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Governor Candidates Agree State Incarceration Rate Needs Curbing

Wallis Watkins

Three of Louisiana’s four major candidates for Governor are displeased with the state’s incarceration rate and lack of alternative mental health programs. 

Lone Democratic candidate John ‘Bel’ Edwards says the two problems are linked. "We have folks languishing in our jails and prisons who are not criminals but are mentally ill," he says.

In order to avoid that, Jay Dardenne says as Governor, he’ll make sure police are properly equipped. "We've got to make sure we have evaluation tools for officers, so they can assess addiction disorders and mental illness," he says, "so that we can equip our law enforcement officers with a mechanism to not just throw someone in jail for minor, nonviolent misdemeanors." 

According to the Bureau of Justice Statistics, Louisiana leads the nation - which leads the world - in it’s incarceration rate. In 2014, 816 of every 100,000 state residents were imprisoned.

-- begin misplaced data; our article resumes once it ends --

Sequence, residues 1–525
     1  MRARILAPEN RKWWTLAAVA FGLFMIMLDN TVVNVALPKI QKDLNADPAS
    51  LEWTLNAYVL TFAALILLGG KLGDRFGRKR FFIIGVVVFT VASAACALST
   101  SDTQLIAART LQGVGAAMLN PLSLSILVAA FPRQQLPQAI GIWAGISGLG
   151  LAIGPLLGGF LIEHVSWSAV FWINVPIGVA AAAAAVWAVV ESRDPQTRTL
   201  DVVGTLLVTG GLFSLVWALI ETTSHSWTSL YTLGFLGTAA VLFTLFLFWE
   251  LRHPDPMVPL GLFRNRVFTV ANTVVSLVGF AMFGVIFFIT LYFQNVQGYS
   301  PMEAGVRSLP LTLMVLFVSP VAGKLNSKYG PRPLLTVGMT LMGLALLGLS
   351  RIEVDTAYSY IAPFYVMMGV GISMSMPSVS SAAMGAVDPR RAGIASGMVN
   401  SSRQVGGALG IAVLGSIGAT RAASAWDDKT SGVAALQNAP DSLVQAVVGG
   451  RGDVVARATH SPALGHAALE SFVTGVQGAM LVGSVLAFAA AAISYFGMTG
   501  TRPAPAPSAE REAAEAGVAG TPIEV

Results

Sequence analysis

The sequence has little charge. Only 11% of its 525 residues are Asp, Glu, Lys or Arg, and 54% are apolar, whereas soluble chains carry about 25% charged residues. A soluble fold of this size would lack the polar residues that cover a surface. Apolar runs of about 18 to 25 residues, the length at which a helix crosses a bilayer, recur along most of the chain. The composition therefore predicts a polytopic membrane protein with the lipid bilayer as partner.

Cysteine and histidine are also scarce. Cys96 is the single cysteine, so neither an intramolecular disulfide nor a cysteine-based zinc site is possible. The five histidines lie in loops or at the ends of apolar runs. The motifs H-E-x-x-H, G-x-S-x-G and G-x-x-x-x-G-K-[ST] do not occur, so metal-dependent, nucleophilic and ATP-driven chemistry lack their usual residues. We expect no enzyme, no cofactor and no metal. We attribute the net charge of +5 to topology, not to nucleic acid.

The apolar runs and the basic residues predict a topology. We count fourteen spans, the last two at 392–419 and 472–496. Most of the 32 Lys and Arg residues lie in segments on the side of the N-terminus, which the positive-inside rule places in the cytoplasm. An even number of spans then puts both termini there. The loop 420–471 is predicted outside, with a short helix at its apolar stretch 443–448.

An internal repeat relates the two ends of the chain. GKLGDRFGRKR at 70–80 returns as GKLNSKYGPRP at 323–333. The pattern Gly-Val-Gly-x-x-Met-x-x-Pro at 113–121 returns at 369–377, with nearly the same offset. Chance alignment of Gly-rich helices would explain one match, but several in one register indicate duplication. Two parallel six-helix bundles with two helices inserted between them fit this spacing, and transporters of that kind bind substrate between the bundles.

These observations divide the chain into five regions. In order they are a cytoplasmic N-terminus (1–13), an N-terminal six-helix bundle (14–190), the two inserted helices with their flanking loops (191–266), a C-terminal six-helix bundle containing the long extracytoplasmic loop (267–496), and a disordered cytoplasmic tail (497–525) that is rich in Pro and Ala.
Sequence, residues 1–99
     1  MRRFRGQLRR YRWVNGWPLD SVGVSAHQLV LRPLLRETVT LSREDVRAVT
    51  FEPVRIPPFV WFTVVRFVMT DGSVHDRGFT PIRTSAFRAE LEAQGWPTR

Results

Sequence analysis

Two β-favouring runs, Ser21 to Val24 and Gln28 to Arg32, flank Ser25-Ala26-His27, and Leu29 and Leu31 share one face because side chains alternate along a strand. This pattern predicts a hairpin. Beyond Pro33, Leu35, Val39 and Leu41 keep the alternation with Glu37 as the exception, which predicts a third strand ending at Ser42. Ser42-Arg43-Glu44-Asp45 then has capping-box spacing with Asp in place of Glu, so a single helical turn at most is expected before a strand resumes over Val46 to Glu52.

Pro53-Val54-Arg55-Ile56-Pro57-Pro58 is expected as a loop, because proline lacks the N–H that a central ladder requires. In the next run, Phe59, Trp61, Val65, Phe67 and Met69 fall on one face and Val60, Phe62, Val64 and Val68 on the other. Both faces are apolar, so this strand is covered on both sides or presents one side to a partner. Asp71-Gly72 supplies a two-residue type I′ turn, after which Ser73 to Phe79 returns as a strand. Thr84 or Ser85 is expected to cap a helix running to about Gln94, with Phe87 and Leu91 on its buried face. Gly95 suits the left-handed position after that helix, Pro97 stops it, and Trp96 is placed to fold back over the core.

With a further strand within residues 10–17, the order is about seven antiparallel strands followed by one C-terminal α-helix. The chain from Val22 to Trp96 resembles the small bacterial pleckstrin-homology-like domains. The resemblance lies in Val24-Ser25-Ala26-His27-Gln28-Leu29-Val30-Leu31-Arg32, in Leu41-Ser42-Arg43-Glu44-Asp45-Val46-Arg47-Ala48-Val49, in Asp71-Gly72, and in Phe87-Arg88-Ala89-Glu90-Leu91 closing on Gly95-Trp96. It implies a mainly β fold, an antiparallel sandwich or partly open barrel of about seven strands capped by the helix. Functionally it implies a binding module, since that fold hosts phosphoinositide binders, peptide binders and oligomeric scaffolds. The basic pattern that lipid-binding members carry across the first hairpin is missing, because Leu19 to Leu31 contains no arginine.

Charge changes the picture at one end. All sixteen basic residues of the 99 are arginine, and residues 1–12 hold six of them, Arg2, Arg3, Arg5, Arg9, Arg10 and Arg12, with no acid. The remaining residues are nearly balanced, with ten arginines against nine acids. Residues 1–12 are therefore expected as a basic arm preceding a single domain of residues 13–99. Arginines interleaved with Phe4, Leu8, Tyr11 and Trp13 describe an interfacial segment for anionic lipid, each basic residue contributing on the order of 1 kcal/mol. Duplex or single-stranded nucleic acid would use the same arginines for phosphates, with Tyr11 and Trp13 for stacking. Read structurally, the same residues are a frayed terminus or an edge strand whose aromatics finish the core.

Dardenne says sentencing laws would have to be changed "so that nonviolent, first offenders don’t automatically end up behind bars."

Scott Angelle agrees. "If you’re a first time offender and non-violent offender, you get a second chance. But let me make it very clear, I’m into the catch and rehabilitate program, not the catch and release program," he says.  

Like most issues in this election, it comes down to the budget. "The simple fact of the matter is that we don’t have the money necessary to continue to incarcerate these people," says Edwards.

If elected, it’s an issue he intends to solve. "The people in Louisiana are not innately more sinister or more criminal than people elsewhere.  At the end of my first term as Governor," says Edwards, "we’re not going to lead the nation in incarceration rate."

Senator David Vitter did not attend the forum hosted Monday night by Raycom Media.